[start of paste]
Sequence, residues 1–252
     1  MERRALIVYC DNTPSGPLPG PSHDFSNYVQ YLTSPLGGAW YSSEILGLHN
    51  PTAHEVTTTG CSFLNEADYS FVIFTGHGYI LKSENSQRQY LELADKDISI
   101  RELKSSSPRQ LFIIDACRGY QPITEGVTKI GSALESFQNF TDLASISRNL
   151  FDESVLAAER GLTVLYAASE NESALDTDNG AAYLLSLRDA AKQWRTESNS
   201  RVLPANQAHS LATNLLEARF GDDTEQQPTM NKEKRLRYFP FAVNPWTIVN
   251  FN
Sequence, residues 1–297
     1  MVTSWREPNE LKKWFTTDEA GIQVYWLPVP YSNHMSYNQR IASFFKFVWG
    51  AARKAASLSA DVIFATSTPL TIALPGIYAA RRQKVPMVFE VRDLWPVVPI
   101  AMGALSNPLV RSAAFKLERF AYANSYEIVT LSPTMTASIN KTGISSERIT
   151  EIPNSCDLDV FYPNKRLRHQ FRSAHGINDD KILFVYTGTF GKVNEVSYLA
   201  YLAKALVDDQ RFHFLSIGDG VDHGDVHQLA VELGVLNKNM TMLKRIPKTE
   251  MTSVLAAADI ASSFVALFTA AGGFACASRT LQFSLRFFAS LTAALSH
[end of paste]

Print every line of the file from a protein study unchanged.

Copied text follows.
Sequence, residues 1–252
     1  MERRALIVYC DNTPSGPLPG PSHDFSNYVQ YLTSPLGGAW YSSEILGLHN
    51  PTAHEVTTTG CSFLNEADYS FVIFTGHGYI LKSENSQRQY LELADKDISI
   101  RELKSSSPRQ LFIIDACRGY QPITEGVTKI GSALESFQNF TDLASISRNL
   151  FDESVLAAER GLTVLYAASE NESALDTDNG AAYLLSLRDA AKQWRTESNS
   201  RVLPANQAHS LATNLLEARF GDDTEQQPTM NKEKRLRYFP FAVNPWTIVN
   251  FN
Sequence, residues 1–297
     1  MVTSWREPNE LKKWFTTDEA GIQVYWLPVP YSNHMSYNQR IASFFKFVWG
    51  AARKAASLSA DVIFATSTPL TIALPGIYAA RRQKVPMVFE VRDLWPVVPI
   101  AMGALSNPLV RSAAFKLERF AYANSYEIVT LSPTMTASIN KTGISSERIT
   151  EIPNSCDLDV FYPNKRLRHQ FRSAHGINDD KILFVYTGTF GKVNEVSYLA
   201  YLAKALVDDQ RFHFLSIGDG VDHGDVHQLA VELGVLNKNM TMLKRIPKTE
   251  MTSVLAAADI ASSFVALFTA AGGFACASRT LQFSLRFFAS LTAALSH